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"The Catcher in the Rye" (in other translations - "Break on the edge of rye fields of childhood," "Catcher in the grain field," English The Catcher in the Rye -. The Catcher in the Rye," 1951) - a novel by American writer Jerome Salinger. In it on behalf of the 16-year old boy named Holden in a very blatant form it tells about his heightened perception of American reality and the rejection of the common canons and morality of modern society. The work was immensely popular among young people and among the adult population, have a significant impact on world culture of the second half of the XX century. The novel was translated almost all world languages. In 2005, Time magazine included the novel in the list of the 100 best English-language novels written since 1923, and publisher Modern Library [en] included in its list of the 100 best English-language novels of the 20th century. However, despite this, at the same time in the US the novel has often been criticized, and the prohibition of the large amount of obscene language.
Anyone who has read J.D. Salinger's New Yorker stories ? particularly A Perfect Day for Bananafish, Uncle Wiggily in Connecticut, The Laughing Man, and For Esme ? With Love and Squalor, will not be surprised by the fact that his first novel is fully of children. The hero-narrator of THE CATCHER IN THE RYE is an ancient child of sixteen, a native New Yorker named Holden Caulfield. Through circumstances that tend to preclude adult, secondhand description, he leaves his prep school in Pennsylvania and goes underground in New York City for three days. The boy himself is at once too simple and too complex for us to make any final comment about him or his story. Perhaps the safest thing we can say about Holden is that he was born in the world not just strongly attracted to beauty but, almost, hopelessly impaled on it. There are many voices in this novel: children's voices, adult voices, underground voices-but Holden's voice is the most eloquent of all. Transcending his own vernacular, yet remaining marvelously faithful to it, he issues a perfectly articulated cry of mixed pain and pleasure. However, like most lovers and clowns and poets of the higher orders, he keeps most of the pain to, and for, himself. The pleasure he gives away, or sets aside, with all his heart. It is there for the reader who can handle it to keep.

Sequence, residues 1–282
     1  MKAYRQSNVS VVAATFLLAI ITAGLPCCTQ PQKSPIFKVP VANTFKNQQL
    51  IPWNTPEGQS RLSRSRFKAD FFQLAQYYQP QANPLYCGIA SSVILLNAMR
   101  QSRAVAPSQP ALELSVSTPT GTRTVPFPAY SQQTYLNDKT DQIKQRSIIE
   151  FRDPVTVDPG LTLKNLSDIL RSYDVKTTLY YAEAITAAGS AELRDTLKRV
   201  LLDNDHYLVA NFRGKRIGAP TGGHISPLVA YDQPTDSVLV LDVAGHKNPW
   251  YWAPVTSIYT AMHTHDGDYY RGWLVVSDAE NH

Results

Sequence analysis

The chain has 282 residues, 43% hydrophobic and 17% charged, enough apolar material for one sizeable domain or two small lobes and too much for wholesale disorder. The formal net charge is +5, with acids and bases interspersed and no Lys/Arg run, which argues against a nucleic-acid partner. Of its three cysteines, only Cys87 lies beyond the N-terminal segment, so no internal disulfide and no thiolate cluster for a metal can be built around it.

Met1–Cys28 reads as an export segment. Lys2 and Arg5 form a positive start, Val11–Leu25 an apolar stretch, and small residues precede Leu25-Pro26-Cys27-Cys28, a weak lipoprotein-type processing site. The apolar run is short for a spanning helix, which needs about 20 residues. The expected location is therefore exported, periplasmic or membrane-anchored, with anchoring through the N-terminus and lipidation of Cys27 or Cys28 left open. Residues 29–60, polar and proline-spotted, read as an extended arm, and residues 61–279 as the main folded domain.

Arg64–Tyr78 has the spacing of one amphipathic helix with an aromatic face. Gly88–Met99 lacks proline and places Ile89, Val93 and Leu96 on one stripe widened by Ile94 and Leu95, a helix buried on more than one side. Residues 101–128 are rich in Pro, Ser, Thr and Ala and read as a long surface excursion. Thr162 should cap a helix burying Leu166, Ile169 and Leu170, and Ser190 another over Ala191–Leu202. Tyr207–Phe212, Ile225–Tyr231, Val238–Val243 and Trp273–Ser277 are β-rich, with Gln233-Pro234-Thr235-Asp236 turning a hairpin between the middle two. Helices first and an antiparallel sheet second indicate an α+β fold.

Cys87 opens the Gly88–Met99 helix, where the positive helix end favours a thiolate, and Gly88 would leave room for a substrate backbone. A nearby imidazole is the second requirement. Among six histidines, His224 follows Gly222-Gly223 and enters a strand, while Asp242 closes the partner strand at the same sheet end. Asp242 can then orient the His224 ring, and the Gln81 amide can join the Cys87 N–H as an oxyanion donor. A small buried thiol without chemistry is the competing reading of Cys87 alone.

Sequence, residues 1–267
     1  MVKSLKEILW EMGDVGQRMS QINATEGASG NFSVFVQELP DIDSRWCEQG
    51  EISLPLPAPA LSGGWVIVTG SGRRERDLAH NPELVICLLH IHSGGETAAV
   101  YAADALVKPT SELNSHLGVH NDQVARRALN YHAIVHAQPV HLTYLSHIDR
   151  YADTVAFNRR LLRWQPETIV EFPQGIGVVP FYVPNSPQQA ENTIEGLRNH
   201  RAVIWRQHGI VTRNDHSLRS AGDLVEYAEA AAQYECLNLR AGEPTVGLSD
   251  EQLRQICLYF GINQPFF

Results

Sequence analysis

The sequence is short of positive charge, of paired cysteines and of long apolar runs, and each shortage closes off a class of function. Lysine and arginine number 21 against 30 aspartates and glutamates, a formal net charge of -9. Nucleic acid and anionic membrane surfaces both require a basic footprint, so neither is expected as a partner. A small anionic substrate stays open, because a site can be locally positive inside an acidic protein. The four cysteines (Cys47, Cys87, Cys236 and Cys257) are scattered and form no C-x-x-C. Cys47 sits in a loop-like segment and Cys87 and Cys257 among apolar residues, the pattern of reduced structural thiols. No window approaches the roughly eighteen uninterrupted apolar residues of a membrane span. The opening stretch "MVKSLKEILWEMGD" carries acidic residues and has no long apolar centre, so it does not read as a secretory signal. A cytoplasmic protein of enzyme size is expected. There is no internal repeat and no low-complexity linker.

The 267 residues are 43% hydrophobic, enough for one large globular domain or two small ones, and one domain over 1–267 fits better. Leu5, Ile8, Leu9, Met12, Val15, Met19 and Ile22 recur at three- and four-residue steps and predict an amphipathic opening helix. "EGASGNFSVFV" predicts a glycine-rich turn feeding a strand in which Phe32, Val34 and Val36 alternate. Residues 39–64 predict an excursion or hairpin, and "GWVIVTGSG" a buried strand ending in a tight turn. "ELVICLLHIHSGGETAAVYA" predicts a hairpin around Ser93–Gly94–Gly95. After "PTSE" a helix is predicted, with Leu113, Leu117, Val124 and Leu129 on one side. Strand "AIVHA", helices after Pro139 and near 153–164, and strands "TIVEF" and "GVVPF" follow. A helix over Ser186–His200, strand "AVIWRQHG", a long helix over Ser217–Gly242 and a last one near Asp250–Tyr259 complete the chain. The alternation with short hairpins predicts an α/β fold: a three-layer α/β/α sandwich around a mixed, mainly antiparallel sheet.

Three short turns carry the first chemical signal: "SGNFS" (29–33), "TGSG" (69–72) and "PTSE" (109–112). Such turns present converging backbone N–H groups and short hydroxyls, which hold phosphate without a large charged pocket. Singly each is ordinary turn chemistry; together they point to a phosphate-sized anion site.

In an effort to escape the hypocrisies of life at his boarding school, sixteen-year-old Holden Caulfield seeks refuge in New York City
MAXnotes offer a fresh look at masterpieces of literature, presented in a lively and interesting fashion. Written by literary experts who currently teach the subject, MAXnotes will enhance your understanding and enjoyment of the work. MAXnotes are designed to stimulate independent thought about the literary work by raising various issues and thought-provoking ideas and questions. MAXnotes cover the essentials of what one should know about each work, including an overall summary, character lists, an explanation and discussion of the plot, the work's historical context, illustrations to convey the mood of the work, and a biography of the author. Each chapter is individually summarized and analyzed, and has study questions and answers.